To protect against rampant overuse of the provision that would chill free speech, Congress could require a trial-like hearing in federal court before the remedy kicked in. Thus, Comet Ping Pong could go to court and sue the people who libeled it. If the court found the Pizzagate allegations to be false and defamatory, it would then have statutory authority to order the statements to be taken down.

If Comet Ping Pong counts as a public figure, the stories would have to be shown to be maliciously false. It might even be desirable to extend this greater protection to everyone libeled under the law, just to protect free speech that much more.

There are some possible First Amendment objections to this idea, but they all have adequate answers. One might be the view that the traditional libel exception doesn’t ban speech -- it just makes the person who published the libel pay damages for publishing it. It could be argued that an outright ban goes too far.

But that objection doesn’t seem quite right. Someone who violated the court order not to publish the libel in my proposed system would after all be hit with damages, the same deterrent used in ordinary libel.

Another possible objection would be that this law reaches third-party speakers, not only the publisher of the libel in the first place. But this, too, misses the mark. It’s libel for me to repeat an existing libel, and I can be found liable for doing so. The exact form of words shouldn’t matter.

And if there is a dispute about whether a given statement is the same as the outlawed libel, the court that issued the initial order can resolve it.

Regulating search engines by legal order, the way the European right-to-forget system does, is the probably the trickiest part, legally speaking. It’s also the most practically important. U.S. takedown orders won’t reach all who publish fake news. But they might well cover the major search engines that people use to spread the articles, as well as social networking sites that spread fake news.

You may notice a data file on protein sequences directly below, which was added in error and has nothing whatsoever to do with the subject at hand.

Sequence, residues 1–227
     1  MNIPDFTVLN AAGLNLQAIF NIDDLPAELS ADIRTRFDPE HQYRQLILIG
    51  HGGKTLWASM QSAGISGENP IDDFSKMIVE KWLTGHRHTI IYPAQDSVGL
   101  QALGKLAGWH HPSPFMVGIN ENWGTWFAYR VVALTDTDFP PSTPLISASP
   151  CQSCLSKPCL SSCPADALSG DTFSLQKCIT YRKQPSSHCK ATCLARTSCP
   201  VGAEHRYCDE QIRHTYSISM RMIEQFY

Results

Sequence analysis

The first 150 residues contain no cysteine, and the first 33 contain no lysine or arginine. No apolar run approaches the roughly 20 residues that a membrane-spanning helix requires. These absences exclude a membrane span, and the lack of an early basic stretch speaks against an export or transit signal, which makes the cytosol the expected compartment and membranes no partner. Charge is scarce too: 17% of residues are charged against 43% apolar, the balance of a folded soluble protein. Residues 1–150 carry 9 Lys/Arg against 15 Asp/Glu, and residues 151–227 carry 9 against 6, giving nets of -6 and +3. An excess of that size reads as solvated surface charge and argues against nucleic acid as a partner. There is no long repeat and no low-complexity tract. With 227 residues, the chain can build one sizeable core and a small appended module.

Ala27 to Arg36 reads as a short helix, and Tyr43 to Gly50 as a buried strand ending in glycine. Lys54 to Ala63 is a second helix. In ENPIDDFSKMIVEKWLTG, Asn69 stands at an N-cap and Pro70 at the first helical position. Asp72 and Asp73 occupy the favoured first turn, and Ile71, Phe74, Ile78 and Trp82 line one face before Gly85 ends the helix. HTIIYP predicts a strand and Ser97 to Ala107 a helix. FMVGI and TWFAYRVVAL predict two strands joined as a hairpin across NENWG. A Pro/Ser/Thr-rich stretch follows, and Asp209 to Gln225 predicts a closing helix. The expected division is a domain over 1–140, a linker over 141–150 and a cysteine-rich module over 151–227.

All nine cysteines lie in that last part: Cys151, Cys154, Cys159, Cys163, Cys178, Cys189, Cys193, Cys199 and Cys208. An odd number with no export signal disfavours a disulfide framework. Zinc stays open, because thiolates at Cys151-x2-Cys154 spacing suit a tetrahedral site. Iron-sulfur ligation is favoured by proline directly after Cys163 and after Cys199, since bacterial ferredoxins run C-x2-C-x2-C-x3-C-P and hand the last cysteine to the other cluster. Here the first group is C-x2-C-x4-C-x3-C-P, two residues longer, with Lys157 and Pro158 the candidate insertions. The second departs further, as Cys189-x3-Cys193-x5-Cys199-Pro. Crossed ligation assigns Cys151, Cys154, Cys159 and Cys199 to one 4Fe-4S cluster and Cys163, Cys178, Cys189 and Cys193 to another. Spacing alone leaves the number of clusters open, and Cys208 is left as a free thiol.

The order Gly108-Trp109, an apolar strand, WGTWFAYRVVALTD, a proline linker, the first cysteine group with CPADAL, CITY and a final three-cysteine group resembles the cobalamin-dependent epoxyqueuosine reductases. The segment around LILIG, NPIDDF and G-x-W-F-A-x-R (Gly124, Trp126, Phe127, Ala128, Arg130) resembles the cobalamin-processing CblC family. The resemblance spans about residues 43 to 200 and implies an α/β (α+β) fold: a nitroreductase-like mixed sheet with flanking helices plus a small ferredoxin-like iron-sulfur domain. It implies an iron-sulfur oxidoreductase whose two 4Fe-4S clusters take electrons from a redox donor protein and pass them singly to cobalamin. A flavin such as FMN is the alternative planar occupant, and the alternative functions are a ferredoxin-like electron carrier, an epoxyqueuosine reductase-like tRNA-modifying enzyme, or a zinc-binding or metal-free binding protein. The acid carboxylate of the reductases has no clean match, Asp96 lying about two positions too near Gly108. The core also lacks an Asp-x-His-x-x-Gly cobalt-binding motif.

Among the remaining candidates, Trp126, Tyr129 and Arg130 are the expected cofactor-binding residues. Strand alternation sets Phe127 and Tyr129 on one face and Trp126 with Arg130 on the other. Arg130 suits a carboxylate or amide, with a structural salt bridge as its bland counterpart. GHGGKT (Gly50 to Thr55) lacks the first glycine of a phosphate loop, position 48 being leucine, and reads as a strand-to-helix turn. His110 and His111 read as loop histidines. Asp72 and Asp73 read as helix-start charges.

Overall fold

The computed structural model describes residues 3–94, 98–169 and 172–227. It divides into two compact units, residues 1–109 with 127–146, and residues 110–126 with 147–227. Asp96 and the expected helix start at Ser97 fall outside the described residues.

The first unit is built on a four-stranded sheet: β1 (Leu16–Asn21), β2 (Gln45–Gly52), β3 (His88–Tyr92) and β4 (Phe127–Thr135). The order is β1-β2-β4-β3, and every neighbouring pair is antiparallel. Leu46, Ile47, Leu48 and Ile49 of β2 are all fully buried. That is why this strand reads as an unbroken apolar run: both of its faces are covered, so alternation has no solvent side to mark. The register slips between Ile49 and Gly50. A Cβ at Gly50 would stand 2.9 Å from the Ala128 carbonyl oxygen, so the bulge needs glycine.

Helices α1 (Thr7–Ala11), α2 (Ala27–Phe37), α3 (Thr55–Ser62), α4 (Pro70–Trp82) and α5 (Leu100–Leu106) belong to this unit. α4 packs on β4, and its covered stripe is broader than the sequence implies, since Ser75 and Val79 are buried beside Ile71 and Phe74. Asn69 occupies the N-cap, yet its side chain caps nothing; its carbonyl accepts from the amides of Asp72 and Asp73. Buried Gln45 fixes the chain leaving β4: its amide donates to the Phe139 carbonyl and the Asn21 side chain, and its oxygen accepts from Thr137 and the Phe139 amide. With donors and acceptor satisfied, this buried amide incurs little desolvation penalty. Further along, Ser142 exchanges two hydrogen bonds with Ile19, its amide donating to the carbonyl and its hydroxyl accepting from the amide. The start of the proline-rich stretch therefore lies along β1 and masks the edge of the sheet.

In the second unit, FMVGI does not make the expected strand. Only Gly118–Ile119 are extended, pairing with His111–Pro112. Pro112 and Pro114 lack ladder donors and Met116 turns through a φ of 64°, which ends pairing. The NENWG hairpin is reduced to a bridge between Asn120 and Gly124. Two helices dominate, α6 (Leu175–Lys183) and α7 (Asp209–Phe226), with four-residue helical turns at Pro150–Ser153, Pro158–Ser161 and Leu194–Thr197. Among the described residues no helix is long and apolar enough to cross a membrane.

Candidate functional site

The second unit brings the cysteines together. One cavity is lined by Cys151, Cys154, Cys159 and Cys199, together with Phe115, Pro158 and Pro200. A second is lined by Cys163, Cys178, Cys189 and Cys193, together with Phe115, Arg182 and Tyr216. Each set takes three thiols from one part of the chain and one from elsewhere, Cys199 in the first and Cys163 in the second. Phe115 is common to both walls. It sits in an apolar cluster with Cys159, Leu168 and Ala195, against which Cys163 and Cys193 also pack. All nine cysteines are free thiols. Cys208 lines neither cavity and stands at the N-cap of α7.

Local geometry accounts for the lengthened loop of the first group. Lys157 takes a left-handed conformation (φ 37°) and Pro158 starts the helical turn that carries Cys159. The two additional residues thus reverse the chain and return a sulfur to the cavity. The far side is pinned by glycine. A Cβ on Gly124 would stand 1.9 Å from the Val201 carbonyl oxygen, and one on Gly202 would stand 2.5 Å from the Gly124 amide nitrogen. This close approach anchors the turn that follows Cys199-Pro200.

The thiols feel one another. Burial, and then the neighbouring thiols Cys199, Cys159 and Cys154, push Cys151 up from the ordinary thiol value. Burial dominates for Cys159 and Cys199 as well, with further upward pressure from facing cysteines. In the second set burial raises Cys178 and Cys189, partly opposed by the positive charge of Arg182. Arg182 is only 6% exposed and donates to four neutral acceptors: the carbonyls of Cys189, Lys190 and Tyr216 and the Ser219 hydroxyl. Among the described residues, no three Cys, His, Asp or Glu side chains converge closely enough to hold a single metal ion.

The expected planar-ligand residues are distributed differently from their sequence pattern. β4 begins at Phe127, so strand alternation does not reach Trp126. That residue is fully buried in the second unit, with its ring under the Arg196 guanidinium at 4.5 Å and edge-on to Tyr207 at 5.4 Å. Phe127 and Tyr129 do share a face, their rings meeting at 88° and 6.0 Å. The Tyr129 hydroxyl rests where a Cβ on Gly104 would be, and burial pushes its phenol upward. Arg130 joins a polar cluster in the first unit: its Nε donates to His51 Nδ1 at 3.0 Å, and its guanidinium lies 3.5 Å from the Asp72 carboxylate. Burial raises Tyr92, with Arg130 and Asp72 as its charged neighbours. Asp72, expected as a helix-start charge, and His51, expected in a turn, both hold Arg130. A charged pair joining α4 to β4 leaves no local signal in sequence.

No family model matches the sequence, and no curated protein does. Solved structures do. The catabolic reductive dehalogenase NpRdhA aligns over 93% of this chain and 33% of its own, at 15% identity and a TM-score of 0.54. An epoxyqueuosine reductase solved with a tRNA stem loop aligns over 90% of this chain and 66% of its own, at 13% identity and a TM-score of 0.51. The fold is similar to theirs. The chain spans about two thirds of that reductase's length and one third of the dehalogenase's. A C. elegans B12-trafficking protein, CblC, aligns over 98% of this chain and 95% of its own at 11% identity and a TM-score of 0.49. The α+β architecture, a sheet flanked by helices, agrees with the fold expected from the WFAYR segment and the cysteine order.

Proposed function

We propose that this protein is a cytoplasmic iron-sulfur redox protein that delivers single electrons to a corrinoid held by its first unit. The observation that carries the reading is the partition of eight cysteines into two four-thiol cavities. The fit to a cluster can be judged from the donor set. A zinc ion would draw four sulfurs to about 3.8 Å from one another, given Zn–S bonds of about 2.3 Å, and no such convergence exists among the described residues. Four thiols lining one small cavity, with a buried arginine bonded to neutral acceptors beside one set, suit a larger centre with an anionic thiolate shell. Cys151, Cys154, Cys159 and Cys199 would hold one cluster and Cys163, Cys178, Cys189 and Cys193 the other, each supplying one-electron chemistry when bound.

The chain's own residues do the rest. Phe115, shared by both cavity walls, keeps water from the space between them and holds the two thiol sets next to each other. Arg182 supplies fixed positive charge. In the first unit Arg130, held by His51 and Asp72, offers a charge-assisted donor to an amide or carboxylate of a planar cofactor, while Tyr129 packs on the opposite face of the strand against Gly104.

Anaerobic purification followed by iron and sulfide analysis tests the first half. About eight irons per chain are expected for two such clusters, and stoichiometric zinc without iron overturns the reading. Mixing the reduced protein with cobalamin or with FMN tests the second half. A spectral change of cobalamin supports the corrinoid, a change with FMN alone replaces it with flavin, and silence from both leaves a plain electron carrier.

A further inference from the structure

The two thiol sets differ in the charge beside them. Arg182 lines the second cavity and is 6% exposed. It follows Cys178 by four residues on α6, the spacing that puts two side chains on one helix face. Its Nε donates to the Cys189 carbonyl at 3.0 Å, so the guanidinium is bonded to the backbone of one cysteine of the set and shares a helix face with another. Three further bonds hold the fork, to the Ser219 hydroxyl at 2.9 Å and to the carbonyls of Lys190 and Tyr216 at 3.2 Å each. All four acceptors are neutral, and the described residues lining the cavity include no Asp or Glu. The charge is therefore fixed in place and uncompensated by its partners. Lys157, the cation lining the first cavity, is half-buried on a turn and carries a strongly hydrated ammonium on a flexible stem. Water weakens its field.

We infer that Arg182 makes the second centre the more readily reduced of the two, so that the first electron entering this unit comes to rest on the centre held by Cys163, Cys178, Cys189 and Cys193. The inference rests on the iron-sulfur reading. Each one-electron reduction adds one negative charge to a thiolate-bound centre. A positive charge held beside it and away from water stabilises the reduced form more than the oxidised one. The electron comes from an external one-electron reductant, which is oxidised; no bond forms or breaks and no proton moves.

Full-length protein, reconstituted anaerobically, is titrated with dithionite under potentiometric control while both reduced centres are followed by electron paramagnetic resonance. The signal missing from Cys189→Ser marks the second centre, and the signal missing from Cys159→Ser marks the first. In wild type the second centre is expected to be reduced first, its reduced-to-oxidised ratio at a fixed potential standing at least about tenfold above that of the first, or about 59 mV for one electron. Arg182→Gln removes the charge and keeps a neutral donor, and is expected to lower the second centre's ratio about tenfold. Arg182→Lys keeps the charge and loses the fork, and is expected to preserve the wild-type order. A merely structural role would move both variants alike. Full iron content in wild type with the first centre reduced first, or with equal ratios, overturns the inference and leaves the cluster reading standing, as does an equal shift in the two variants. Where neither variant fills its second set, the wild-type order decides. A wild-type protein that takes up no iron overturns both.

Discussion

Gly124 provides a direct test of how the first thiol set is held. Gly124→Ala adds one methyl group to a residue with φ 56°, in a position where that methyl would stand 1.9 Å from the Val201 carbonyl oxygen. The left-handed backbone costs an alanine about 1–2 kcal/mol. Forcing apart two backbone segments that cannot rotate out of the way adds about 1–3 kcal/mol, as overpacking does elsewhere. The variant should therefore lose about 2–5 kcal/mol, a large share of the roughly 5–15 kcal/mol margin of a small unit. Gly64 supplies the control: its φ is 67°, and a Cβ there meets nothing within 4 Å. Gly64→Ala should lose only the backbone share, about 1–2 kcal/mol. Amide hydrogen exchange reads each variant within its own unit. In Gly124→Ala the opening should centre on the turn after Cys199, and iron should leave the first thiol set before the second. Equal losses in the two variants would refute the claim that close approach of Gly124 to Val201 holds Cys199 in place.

Google or Facebook could try to say that they shouldn’t be covered because they aren’t publishing the libel, just letting others access the published information. Currently, the Digital Millennium Copyright Act safe harbor provision protects internet providers and similar services against being sued for content posted by users.

The law I’m imagining would have to lift that safe harbor for libelous fake news. If it did, the Constitution wouldn’t be violated. Traditionally, to repeat a libel is to publish it. If Google or Facebook reproduces a libelous statement on its proprietary page, the First Amendment allows that to be treated as a libel.

In short, a law against fake news wouldn’t have to create a Ministry of Truth. It’s enough for it to build on the tradition of judicial verdicts against false, defamatory statements. The First Amendment would not have to be infringed. And truth -- the traditional objective of free speech -- would be enhanced, not harmed.

This column does not necessarily reflect the opinion of the editorial board or Bloomberg LP and its owners.